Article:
Fantastic Romantic Berlioz
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Hector Berlioz (1803-1869) lived life as a drama and cast himself as its tragic, poetic hero, struggling toward truth and beauty in the midst of a crude and uncomprehending society. Which is to say, Berlioz was the quintessential Romantic. You’ll hear it This Week at the MSO, when music director Edo de Waart and the Milwaukee Symphony Orchestra take up Berlioz’s greatest hit, the Symphonie fantastique. The symphony tells a fevered story, about a young man consumed by passionate love and jealousy. He takes opium to try to forget the woman who has spurned him, but instead falls into a druggish nightmare in which he murders the girl and hangs for it. Pretty juicy, but not as juicy as the real-life back story. Let’s start way back: Berlioz, the son of a small-town physician, grew up reading overheated Romantic literature from his father’s library. Jean Pierre Claris de Florian’s Estelle et Némorin (1788) made a particular impression on him as a child and perhaps led Berlioz into his life-long habit of mixing up art and life. When Berlioz was 12, he went completely nuts over an 18-year-old girl who lived in his town. By all accounts, she was a lovely creature, but here’s what drove Berlioz mad: Her name was Estelle. As in Estelle. “The moment I beheld her, I was conscious of an electric shock; I loved her,” Berlioz wrote years later, in his autobiography. “From then on, I lived in a daze… I lay awake whole nights disconsolate. By day I hid myself in maize fields or in the secret corners of my grandfather’s orchard, like a wounded bird, mute, suffering. Jealousy plagued me.” It wouldn’t be the last time. Estelle Fornier of course moved on with her life, but she never was entirely rid of Hector Berlioz. (More on Estelle later). Fast-forward to Paris, 1827. Young Hector had quit the medical training his father had planned for him and was studying counterpoint and composition at the Paris Conservatory. He was determined to be a composer and conductor. He was a controversial troublemaker, of course.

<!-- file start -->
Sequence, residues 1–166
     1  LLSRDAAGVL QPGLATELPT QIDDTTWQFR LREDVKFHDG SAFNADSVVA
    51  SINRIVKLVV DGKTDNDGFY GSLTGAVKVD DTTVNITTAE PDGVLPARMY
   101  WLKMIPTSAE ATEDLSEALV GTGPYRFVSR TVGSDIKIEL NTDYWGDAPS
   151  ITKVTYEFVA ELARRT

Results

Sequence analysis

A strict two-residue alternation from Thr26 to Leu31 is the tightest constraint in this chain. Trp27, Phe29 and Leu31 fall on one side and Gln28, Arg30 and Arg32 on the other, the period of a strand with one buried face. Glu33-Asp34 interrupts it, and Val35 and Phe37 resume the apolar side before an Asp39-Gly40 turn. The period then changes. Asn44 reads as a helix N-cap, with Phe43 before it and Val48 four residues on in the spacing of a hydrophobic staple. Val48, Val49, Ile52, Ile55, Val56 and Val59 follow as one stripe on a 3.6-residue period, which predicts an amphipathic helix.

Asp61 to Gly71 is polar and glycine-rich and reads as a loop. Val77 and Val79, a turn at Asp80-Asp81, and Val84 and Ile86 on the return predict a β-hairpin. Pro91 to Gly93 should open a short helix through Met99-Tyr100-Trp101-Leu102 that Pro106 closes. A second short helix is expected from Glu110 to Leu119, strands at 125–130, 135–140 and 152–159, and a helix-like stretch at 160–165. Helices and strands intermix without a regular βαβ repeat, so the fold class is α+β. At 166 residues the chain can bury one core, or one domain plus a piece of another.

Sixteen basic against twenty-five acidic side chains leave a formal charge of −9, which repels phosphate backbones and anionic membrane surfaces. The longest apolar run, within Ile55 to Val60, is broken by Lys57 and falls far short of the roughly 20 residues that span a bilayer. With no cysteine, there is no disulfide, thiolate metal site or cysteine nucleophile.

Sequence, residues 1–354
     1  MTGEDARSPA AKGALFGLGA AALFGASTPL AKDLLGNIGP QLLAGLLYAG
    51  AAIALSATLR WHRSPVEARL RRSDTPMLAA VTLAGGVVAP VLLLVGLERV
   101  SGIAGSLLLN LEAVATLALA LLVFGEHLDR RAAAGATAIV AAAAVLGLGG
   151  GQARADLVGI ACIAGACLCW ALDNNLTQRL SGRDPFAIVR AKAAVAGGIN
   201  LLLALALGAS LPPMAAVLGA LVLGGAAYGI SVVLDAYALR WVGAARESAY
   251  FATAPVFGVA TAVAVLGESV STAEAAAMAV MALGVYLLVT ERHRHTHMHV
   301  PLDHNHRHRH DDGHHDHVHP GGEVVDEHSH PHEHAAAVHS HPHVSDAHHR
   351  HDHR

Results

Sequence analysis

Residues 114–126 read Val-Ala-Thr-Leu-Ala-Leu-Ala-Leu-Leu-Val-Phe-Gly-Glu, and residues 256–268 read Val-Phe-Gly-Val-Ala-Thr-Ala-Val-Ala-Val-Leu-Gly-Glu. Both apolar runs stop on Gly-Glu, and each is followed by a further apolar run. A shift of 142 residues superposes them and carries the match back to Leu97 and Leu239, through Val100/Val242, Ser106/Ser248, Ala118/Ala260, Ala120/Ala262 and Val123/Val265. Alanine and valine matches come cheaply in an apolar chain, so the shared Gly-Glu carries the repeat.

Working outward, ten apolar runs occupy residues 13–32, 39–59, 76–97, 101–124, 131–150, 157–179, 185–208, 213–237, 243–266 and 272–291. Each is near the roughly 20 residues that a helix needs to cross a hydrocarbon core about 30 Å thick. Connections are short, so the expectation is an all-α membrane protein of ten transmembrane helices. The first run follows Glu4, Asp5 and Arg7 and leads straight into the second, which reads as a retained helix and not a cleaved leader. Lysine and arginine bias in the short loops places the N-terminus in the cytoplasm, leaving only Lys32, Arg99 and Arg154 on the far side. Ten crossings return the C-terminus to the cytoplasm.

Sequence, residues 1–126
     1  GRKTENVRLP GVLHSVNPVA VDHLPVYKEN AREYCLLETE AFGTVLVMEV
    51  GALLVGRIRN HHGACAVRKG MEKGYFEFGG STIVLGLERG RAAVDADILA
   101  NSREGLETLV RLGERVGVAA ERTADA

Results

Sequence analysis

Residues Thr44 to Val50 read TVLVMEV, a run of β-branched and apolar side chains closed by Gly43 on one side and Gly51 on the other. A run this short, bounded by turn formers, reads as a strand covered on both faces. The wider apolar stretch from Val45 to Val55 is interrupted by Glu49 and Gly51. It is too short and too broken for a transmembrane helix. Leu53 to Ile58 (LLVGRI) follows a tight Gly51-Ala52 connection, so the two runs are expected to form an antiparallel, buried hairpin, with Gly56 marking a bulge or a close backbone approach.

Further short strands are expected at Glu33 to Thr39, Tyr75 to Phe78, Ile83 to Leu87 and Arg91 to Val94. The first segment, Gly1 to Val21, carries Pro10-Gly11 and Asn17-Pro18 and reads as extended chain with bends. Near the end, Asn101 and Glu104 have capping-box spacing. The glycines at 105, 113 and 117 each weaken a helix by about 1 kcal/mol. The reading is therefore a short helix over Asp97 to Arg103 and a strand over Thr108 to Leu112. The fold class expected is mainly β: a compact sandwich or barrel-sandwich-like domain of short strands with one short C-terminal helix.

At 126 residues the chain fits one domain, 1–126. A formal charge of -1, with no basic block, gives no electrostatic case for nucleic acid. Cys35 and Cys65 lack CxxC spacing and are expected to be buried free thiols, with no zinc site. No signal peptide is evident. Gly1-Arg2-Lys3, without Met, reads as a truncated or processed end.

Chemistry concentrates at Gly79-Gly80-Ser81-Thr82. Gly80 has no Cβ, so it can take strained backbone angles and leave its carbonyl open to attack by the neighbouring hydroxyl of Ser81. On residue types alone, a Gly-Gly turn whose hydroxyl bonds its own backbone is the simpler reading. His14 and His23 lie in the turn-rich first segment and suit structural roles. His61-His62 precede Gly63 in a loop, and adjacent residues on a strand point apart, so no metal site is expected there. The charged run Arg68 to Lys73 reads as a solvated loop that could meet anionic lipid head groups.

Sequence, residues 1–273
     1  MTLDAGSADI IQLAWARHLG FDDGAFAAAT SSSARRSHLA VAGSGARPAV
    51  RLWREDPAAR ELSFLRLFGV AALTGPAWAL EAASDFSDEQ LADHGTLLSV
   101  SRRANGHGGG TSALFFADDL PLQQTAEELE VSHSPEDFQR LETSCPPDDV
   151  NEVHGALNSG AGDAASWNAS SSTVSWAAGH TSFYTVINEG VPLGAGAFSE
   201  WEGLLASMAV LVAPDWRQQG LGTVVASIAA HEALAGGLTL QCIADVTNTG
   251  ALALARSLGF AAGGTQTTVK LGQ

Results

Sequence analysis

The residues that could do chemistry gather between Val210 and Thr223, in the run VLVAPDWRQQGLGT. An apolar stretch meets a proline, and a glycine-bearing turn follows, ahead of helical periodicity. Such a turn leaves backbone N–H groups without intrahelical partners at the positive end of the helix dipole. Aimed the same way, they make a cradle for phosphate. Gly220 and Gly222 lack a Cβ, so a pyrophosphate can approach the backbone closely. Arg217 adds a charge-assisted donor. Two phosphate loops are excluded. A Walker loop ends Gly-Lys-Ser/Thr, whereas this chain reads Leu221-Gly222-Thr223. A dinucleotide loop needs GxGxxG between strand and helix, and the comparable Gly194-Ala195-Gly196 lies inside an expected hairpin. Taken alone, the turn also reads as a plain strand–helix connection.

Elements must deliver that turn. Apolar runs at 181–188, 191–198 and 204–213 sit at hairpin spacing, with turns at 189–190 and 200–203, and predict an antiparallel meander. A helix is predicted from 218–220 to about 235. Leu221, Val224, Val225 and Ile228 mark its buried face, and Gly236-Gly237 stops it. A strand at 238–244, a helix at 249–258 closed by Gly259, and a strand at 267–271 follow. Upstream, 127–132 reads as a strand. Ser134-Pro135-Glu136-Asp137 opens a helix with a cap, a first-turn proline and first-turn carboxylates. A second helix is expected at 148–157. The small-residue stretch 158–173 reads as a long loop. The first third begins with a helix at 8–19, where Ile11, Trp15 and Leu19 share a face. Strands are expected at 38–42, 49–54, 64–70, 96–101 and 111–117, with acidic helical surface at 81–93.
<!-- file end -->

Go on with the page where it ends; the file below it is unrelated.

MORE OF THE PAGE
But the Symphonie fantastique began not in the Conservatory, but at the theater. Shakespeare, at the time, was little known in France. An English company had traveled to Paris to stage Hamlet. Berlioz attended on opening night. Of course his first Hamlet stirred the young fellow, but one Harriet Smithson (1800-1854) affected him more than the Bard of Avon. The young actress entered as Ophelia, and Berlioz lost it. Berlioz had a bit of a reputation around Paris as a rising young wild man composer, but Smithson had never heard of him. He sent her letters during the company’s extended stay in Paris and got himself and his music out in public as much as he could to try to get her attention. He even stalked her. But they never met, and Smithson and the company returned to England in 1829. A trifle such as failure to meet the woman was not about to extinguish Berlioz’s ardor. “I have just been plunged again into all the tortures of an endless and unquenchable passion, without cause, without purpose,” Berlioz wrote, to a confidante. “She is still in London, and yet I seem to feel her around me. I hear my heart pounding, and its beats set me going like the piston strokes of a steam engine. Oh! Unhappy woman! If she could for one moment conceive all the poetry, all the infinity of such a love, she would fly to my arms, even if she must die from my embrace.” That is the stuff of the Fantastic Symphony. Also in that letter, written in February of 1830: “I was on the point of beginning my grand symphony, in which the development of my infernal passion is to be depicted; I have it all in my head, but I can write nothing.” Well, he did write something, after he heard (later discounted) rumors that Smithson was carrying on with her manager. That bitter pill cured him to the point that he wrote out the dramatic scenario of the piece that we know today and to start getting the music onto paper. In April of 1830, Berlioz outlined the drama in another letter to his confidante: “Here is how I have put together my novel, or rather my tale, whose hero you will have no difficulty in recognizing. Imagine that an artist… as the result of an odd whim, whenever the image of the loved one appears before his mind’s eye it is accompanied by a musical thought in whose character he finds a grace and nobility akin to those he attributes to his beloved. This double idée fixe pursues him incessantly; that is the reason for the constant appearance, in every movement of the symphony, of the chief melody of the first allegro.” It goes like this. So art bleeds into life. And vice-versa. And it gets better.